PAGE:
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Google tasks Android developers to focus on privacy and security
Google used its annual developer conference to pitch a different script to app writers. The company debuted the latest version of its core platform, Android Q 10, and with it a refreshed focus on privacy and security. This isn’t the newest tack for Google, as the company has made overtures about privacy in the past, but the company does seem to have a renewed interest in the subject.
Will developers play ball? Here’s how they can get into the game.
A sign of the times
Security breaches often get lots of attention from the media. Preventing those headlines (and the underlying breaches) may not be sexy work, but it is important work.
Google says Android Q introduced more than 50 features that improve privacy and security. Google hopes to accomplish this chiefly by giving people more transparency into and control over their data. User-facing features include incognito mode in Maps and easy access to web and app history.
Developers will find they need to adhere to new policies, such as scoped storage and limits on background app launches. Developers will further find they have limited access to device identifiers, need to transition to TLS 3.1, and should incorporate more passive authentication in their apps (think face detection.)
Google believes is has given developers plenty of lead time to adopt to these new behaviors in Android Q.
Google announced Kotlin two years ago and it is now the fastest-growing developer language in GitHub. The company says all new projects should be started in Kotlin, rather than any other language. The upside here is speed.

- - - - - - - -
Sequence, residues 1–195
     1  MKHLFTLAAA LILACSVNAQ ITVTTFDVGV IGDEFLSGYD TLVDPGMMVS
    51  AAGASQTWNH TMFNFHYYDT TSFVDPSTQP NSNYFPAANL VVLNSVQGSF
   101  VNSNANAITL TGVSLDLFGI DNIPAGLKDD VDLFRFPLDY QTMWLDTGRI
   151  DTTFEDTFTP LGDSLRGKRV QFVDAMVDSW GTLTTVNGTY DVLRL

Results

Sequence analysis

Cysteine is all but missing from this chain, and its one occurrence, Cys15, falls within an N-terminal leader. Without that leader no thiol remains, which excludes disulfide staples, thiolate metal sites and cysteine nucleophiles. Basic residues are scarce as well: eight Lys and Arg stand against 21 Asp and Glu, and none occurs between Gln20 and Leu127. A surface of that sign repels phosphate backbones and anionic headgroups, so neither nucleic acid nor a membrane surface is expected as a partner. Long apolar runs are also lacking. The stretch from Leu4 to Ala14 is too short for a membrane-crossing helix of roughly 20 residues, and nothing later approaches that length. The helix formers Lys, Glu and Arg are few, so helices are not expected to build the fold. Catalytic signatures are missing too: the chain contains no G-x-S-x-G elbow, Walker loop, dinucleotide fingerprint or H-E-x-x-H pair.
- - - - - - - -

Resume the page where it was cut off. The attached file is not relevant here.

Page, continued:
The search giant says it has focused on productivity — as in, helping developers be as productive as possible. For example, using Kotlin means developers will have to write a lot less of their own code. Moreover, Google is targeting Kotlin with new JetPack APIs. These APIs will reduce development times and let developers get their apps to the Play Store faster.
Perhaps the most interesting of the new tools is called CameraX. CameraX supports a wide range of hardware and software features, such as optical zoom, bokeh, HDR, and night mode on various devices. Google claims CameraX supports 90 percent of existing devices and is backward compatible to Android Lollipop. The long game here is to improve the quality of native camera apps on mobile devices.
Odds and ends
The core tool developers rely on day in and day out for writing Android apps is called Android Studio. Google released Android Studio 3.5 at I/O this week in beta form. The refreshed suite includes better IDE memory management, lower-latency typing, CPU optimizations, emulator improvements, and an quicker way to view and edit app changes.
Machine Learning has learnt a lot. Primarily, Google improved the Android Neural Networks API (NNAPI). This is the key bit of code that lets Google Assistant and other features make smart assumptions and predictions. What’s clutch here is that more phones have access to and can run the NNAPI. In other words, advanced speech recognition functions can filter down to lower-cost phones and benefit more people.
The ML Kit Face Detection API is now nine times faster.
Processor makers such as MediaTek and Qualcomm are already seeing improvements. For example, the ML Kit face detection API is now nine times faster on the Helio P90 processor.
Last, developers should be happy to learn that the Android App Bundle is smaller, faster, and more stable.